Expectations of this remake have been so low they clocked in several million miles below sea level. Despite that, this "reimagining" (as the producers would have us call it) is probably slick and sick enough to win as many fans as detractors.
Completely ignoring the events of Tobe Hooper's original, the new film opens in 1974 with a Scooby-Doo van full of hippy kids headed by Erin (Jessica Biel) driving through Texas after a pot-smoking holiday in Mexico. Picking up a deranged hitchhiker with predictably gory results, the kids get a taste of some Southern hospitality in a nearby town.
It's become something of a cliché to say that Tobe Hooper's censor-baiting film wasn't actually that explicit. Leaving most of its violence to the imagination, Hooper scared audiences into thinking they'd seen something more gruesome than they actually had through grubby production design and a relentless soundtrack of screams and buzzing chainsaw blades. Yet, no matter how clichéd that observation has become, the fact is it's true. And it worked a treat.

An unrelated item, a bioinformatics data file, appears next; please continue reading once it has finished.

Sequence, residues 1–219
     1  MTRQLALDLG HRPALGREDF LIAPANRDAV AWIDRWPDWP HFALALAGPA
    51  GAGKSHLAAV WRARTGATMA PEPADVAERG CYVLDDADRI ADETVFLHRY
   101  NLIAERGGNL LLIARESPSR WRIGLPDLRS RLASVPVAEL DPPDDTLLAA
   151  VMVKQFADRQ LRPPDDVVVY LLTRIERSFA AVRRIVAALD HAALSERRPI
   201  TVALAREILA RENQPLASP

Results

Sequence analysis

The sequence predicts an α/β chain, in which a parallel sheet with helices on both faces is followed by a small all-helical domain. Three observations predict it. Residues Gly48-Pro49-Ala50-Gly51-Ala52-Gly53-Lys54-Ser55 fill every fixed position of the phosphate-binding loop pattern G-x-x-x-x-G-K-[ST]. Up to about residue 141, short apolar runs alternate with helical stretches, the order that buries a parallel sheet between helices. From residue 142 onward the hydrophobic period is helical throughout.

Here, debut director Marcus Nispel (under the watchful eye of producer Michael - Bad Boys II - Bay) simply shows too much: gory scenes of the kids being tortured in the slasher's abattoir-esque back room, Leatherface wandering about without his trademark mask, and perhaps most insultingly of all a ridiculous story about how he was bullied as a child because of a facial disfigurement.
Aside from this, it's a gory, stylish, and occasionally scary push-button factory of shocks and shrieks remarkably better than anyone had the right to expect. Yet, it begs the question: if the filmmakers could churn out something this decent, why didn't they shoot an original script, or even a sequel to Hooper's 1974 classic instead of a remake?
The only answer, it seems, is a total lack of imagination. And it's that which ultimately makes this redundant movie truly terrifying for anyone interested in the future of American horror.